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I have this question regarding marginal probability density function of joint distribution. Following is the equation I have.

$$f(x,y) = \begin{cases} \frac{3}{2} y^2 & 0 \le x \le 2 \text{ and } 0 \le y \le 1 \\ 0 & \text{otherwise} \end{cases}$$

I am trying to find this probability:

$$P(X=3Y)$$

I have tried calculating $f_x(x)$ which equates to:

$$\int_0^\frac{x}{3} \frac{3}{2}y^2~dy$$ $$=\frac{3}{2} * \frac{\frac{x^3}{27}}{3}$$ $$=\frac{x^3}{54} \text{ if } 0 \le x \le 2$$

I am unsure whether what I did above is correct or not. Furthermore, if it is calculating the probability of $X=3Y$, then why would I need to integrate this piecewise function?

Any insight on this would be greatly appreciated!

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    $\begingroup$ Your distribution is absolutely continuous with respect to the Lebesgue measure on the square $(0,2)x(0,1)$. What is the Lebesgue measure of the line $\{(x,y);x-3y=0\}$? $\endgroup$
    – Xi'an
    Mar 16, 2015 at 21:45
  • $\begingroup$ @Xi'an, thank you for your comment. I haven't had a chance to learn Lebesgue measure yet in my area of study. After looking up and trying to understand the concept, it simply represents volume/area/length of a set. Therefore, the Lebesgue measure of the line would be simply an integration of that equation with boundaries you have set. However, I don't understand where the range of y went. Am I understanding this correctly? $\endgroup$
    – pit_
    Mar 16, 2015 at 22:12
  • $\begingroup$ what is the surface of a line? $\endgroup$
    – Xi'an
    Mar 17, 2015 at 6:52

1 Answer 1

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Given what you said about the nature of the problem (marginal distributions) I'm wondering if the problem actually asked for P(X | X = 3Y).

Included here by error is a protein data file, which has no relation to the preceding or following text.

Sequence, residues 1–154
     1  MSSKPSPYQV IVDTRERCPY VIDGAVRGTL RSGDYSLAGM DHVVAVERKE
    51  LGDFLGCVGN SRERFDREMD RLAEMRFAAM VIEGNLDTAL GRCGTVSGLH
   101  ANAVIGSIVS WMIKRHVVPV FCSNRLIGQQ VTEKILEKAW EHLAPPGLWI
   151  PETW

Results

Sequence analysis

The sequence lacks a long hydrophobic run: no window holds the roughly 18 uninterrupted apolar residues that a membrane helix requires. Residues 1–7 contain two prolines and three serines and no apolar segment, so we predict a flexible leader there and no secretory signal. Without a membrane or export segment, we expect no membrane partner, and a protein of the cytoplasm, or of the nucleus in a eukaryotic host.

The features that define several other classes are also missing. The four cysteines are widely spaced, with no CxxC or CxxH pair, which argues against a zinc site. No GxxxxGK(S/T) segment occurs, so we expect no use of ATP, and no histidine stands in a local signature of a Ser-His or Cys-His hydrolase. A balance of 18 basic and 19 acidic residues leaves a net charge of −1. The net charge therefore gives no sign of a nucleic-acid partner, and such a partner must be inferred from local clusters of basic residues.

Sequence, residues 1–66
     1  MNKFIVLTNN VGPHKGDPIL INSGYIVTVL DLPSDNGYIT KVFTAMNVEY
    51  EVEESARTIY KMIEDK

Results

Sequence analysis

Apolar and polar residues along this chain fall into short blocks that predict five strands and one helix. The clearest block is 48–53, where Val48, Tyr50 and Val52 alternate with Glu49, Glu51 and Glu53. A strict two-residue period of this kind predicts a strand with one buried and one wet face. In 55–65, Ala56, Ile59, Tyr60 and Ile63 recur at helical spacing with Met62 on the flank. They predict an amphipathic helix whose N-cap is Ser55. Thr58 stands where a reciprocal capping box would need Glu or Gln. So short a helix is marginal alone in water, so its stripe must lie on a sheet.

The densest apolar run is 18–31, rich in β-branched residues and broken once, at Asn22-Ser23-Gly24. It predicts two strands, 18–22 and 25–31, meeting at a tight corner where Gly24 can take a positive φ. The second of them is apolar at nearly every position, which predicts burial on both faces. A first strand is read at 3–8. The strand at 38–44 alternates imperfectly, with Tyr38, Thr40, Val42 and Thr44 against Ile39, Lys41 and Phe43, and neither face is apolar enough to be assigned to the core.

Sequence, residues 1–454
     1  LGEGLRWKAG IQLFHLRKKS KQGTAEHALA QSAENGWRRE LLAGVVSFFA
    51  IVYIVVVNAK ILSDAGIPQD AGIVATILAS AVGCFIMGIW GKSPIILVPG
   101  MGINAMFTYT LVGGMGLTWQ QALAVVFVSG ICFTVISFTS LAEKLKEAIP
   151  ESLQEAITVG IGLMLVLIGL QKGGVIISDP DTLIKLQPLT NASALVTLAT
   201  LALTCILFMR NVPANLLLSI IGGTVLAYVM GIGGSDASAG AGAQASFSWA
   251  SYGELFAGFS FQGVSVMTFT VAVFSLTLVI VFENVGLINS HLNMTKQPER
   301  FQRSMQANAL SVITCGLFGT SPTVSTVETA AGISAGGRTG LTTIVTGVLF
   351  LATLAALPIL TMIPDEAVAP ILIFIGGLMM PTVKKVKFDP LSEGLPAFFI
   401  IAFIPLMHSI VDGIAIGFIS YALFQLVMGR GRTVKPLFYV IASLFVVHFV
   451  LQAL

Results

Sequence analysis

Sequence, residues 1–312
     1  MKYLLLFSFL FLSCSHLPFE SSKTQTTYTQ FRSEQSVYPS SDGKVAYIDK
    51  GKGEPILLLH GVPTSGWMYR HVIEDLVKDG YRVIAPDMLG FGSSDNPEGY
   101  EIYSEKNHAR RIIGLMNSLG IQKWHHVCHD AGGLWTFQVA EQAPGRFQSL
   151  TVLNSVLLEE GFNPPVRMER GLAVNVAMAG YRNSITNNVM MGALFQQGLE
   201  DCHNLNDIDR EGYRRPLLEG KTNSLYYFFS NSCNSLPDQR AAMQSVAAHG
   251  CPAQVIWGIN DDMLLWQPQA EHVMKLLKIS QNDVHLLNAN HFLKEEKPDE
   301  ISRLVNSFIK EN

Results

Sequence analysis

But if this is not the case The comment above applies. Consider a 1D example with PDF, f(x) = 1 for 0 < x < 1. What is P(X = 0.5)? How do you reach that answer? It should involve integrating across the entire sample space.

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    $\begingroup$ Wouldn't $P(X=0.5) = P(0.5 \le X \le 0.5) = \text{ therefore, } 0$ ? $\endgroup$
    – pit_
    Mar 16, 2015 at 22:51
  • $\begingroup$ Yes. Define g(x)=1 if x=0.5, and 0 otherwise. This is called the indicator function for the set {0.5}. You arrive at zero by integrating $f(x) \cdot g(x)$ over your sample space, which in my example is the unit interval. What is g(x, y) in your example? And what is the entire sample space in your example. $\endgroup$ Mar 16, 2015 at 23:48
  • $\begingroup$ The above equations that I have written is all I have. $\endgroup$
    – pit_
    Mar 17, 2015 at 0:32
  • $\begingroup$ I disagree. You also have your natural abilities of generalization and pattern matching. I asked you for P(X=0.5). The set of solutions to the equation X = 0.5 is {0.5}. So we computed the integral of fg where g was the "indicator" function of that set, to get the probability. In you example, what is the equation we want a set of solutions to, what is the indicator function g, and what is the integral of fg. $\endgroup$ Mar 17, 2015 at 1:10
  • $\begingroup$ I revisited my Calculus book and various Wikipedia pages before coming back. The indicator function I have is $g(x,y) = x-3y$ for the entire square region, x:{0,2} y:{0,1}. Then I will need to integrate f(x,y) * g(x,y) dydx. With regions given from original piecewise function. $\endgroup$
    – pit_
    Mar 17, 2015 at 2:28

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